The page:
When you are submitting for a deal, unless you are published by a major house, the general advice is to focus on your ebook only. This is partly because of the costs involved in printing paperbacks, which limit how far indie authors can reduce our prices before we lose money on a sale. It is also because many of the lists count paperback and ebook sales separately, so focusing on both won’t actually increase your chances. Plus, most readers of these newsletters are buying ebooks anyway. (I did find that I saw a slight increase in paperback sales during the campaign even though that book wasn’t on sale, so you may see the same benefit.)

When thinking about your potential deal, there are two big decisions you have to make: which book and what price? As for which book, it is easier to make the list with a boxed set (either of your own books like I did with the Guinevere’s Tale Trilogy or with a set from various authors who have established fan bases) than it is with a single book. This is because readers feel like they are getting greater value when they get more than one book at a sale price. (Hey, I can’t blame them.) It is definitely possible to do it with a single book, but you will have to work that much harder at advertising and rely more on your fan base to promote.

Another fairly big decision is which genre to advertise in. Bookbub only has so many choices so you have to decide which best fits your book and its potential readers. If your genre is straightforward like contemporary romance, it will be an easy decision because they have that as a category–and it is a very popular one. However, The Guinevere’s Tale Trilogy is historical fantasy and they don’t have a category for that, so I had to choose between historical romance (which it is not), historical fiction, and fantasy. I’ve learned from previous experience that my Guinevere books sell better when I market them as fantasy, so that is the category I went with, even though historical fiction has a bigger BookBub subscriber number. (A lot of this has to do with anticipating reader expectations. I think straight historical fiction readers could be turned off by my Guinevere books because she is a mythological, rather than historical figure and the book has mystical elements to it.)

Marketing expert Amy Collins told me once that the bigger the price drop you can demonstrate for BookBub, the more likely you are to get a featured deal. How far you choose to drop it depends on your goals for your campaign. If you are looking to make money (or at least break even), you may not wish to go all the way down to $0.99 like I did. (My normal price is $9.99.) However, if you don’t care about a profit and are just looking to try to make a list, as I was, drop the price down as much as you are comfortable. I personally wouldn’t advise free because 1) you won’t make any of your money back and 2) many of the lists don’t count books offered for free.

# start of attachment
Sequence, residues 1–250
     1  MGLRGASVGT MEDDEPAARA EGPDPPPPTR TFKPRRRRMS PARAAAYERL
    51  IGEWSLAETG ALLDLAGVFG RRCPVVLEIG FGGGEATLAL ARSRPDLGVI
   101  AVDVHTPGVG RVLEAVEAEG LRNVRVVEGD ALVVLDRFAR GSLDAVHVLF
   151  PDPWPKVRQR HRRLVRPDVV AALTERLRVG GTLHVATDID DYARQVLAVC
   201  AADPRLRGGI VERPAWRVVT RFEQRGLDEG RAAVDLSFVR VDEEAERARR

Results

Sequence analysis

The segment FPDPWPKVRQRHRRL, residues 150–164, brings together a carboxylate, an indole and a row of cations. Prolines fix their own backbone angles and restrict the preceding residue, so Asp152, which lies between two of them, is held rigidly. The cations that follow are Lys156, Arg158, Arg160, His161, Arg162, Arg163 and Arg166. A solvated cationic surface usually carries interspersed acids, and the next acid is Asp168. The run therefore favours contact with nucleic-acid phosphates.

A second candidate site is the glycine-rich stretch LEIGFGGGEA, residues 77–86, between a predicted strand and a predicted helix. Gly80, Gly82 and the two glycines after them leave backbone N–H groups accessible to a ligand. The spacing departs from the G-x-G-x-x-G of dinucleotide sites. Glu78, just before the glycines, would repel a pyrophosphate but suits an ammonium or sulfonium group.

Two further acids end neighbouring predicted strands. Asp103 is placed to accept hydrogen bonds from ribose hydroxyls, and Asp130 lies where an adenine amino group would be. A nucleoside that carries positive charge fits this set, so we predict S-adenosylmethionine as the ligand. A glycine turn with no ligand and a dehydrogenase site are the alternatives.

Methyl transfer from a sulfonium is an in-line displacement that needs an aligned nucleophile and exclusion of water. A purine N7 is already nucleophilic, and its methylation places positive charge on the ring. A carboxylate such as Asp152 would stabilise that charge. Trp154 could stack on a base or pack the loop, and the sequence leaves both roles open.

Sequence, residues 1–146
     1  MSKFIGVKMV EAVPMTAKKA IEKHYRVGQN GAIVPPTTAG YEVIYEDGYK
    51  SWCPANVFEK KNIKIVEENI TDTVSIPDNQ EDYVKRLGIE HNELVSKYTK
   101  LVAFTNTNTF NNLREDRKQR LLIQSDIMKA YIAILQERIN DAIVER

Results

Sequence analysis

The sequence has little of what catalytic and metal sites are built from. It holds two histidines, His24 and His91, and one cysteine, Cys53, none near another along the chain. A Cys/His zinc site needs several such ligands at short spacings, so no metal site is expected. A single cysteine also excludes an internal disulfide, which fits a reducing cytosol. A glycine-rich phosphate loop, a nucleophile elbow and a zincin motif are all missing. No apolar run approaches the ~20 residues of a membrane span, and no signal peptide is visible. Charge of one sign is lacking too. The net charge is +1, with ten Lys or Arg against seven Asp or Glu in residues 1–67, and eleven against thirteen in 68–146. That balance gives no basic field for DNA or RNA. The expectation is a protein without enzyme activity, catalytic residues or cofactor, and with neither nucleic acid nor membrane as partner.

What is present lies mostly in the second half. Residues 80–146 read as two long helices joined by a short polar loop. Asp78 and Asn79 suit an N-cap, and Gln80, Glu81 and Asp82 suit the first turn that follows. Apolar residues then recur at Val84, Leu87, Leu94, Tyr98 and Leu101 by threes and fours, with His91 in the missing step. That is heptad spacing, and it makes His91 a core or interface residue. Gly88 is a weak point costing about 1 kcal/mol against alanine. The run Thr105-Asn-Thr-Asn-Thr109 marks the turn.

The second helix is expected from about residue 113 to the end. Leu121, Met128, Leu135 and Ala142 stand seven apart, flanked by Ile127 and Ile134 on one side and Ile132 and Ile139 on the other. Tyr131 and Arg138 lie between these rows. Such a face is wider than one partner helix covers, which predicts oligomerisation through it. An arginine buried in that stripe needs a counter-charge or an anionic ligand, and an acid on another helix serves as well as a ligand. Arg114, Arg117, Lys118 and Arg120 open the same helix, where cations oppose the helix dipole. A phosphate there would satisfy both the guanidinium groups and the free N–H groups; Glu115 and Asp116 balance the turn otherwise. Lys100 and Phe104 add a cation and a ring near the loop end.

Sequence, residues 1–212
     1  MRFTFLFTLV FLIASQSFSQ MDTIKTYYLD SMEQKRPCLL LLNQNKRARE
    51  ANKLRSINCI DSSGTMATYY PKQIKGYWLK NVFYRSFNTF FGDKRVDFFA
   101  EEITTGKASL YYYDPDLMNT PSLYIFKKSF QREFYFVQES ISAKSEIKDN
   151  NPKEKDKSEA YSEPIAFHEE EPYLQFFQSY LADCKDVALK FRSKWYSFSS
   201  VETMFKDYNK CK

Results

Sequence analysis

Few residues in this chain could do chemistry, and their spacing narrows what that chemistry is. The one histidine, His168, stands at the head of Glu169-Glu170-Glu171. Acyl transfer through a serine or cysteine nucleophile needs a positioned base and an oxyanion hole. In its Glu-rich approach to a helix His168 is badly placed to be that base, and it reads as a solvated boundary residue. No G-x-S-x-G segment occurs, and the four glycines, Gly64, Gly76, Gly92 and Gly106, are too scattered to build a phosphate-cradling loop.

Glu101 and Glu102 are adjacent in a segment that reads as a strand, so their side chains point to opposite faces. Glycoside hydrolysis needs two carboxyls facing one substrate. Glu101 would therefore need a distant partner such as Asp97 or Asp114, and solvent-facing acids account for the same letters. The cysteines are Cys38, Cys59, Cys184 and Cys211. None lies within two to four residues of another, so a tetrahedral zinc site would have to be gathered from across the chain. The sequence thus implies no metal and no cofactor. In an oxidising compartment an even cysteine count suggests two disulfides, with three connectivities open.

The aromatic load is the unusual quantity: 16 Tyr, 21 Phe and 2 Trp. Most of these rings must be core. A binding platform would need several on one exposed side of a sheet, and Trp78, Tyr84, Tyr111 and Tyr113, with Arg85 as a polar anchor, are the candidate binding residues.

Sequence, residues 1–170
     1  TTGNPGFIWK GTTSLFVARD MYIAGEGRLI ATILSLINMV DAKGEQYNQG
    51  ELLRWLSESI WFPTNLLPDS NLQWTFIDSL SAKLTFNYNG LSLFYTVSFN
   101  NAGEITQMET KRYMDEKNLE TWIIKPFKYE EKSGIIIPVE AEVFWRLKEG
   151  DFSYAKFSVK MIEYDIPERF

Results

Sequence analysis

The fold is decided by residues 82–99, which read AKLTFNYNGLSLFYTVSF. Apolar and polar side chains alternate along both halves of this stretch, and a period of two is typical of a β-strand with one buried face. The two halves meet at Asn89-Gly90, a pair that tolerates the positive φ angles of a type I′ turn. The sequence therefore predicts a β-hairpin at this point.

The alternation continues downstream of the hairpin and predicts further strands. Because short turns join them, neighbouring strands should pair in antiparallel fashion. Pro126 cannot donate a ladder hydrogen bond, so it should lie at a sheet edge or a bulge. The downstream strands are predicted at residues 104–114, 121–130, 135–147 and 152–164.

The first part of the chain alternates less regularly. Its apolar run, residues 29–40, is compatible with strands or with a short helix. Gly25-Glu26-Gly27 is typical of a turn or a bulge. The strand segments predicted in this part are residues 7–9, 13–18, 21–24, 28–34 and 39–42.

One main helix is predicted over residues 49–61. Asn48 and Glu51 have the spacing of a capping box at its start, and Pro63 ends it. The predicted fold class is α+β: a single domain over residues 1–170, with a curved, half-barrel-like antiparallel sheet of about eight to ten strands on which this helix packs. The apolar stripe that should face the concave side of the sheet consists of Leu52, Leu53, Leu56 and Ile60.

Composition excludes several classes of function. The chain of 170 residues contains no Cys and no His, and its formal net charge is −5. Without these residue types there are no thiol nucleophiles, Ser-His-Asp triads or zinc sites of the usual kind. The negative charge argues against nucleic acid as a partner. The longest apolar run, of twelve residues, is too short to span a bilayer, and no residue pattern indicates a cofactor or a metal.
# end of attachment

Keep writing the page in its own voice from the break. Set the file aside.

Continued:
Rumor has it Tuesday and Wednesday are the best days for BookBub deals because you can then ride the “tail” from the ad for the rest of the week. Mine was on a Thursday, and I did just fine. My sales dropped off pretty quickly Saturday and Sunday, so for me, the tail wasn’t as long as some had led me to believe. If you don’t like the day/date that Bookbub gives you, just email them (quickly – I think their rules say it has to be a certain amount of time before your deal) and they will change it. Mine was originally on a Saturday and I asked them to change it because I was traveling and also asked for a different day based on when other major advertisers had open slots.

You Got a Featured Deal, Now What?

Ad Stacking for Newsletter Lists
The first thing you should do when you find out that you got a BookBub Featured Deal (besides celebrate) is start planning the other ads you are going to run in the week of your promotion. These are usually mostly ads targeted at newsletters/mailing lists of readers. Some of the really popular ones (especially Robin Reads and Fussy Librarian) fill up a month in advance, so keep that in mind when confirming your BookBub date. Also keep in mind that some of these sites are VERY expensive. Don’t feel bad if you can’t afford them. I went into debt for this and I don’t advise anyone else to do so. Below are ones I used, along with the price, which of course, they can change at any time. Some of them are flat-rate pricing and some let you choose what package you want. Here’s a great database to use to evaluate potential ad companies.

Location Date Cost
BookBub Thurs 7/11 $516
Just Kindle Books Wed 7/10 $53
Fussy Librarian Tuesday 7/9 $20
Book Gorilla unknown free, part of a package with another company
BargainBooksy Wed 7/10 $40
ManyBooks Wed 7/10 $78
Robinreads Mon 7/8 $85
ENT Tues 7/9 $35
Choosey Bookworm Mon 7/8 $36
Kindle Nation Daily week $119
BooksButterfly 6/8-6/12 $190
BookRebel Mon 7/8 $25
Riffle Select Wed 7/10 $75
Early Bird Books Mon 7/8 $300
The Portalist Wed 7/10 $100
Total 1,672

There are a few that I would have liked to have used, but couldn’t and why:

Book Barbarian full
Book Cave not accepted
Free Kindle Books Didn’t have enough reviews
BookDealio date conflict
Booksends not enough reviews
Ebooksida not enough reviews
Writerspace not appropriate for a short period promo; better for new release

The best advice I can give is to cluster ads from these types of companies around your Bookbub ad, preferably BEFORE the day of your Featured Deal. Don’t run other ads on the day of your Bookbub Featured deal; just let it do its job on its own. It is better to get some heavy hitters in before your Bookbub deal so that they jump-start your sales and trip Amazon’s algorithms into paying attention. That way your book is primed for the big BookBub day.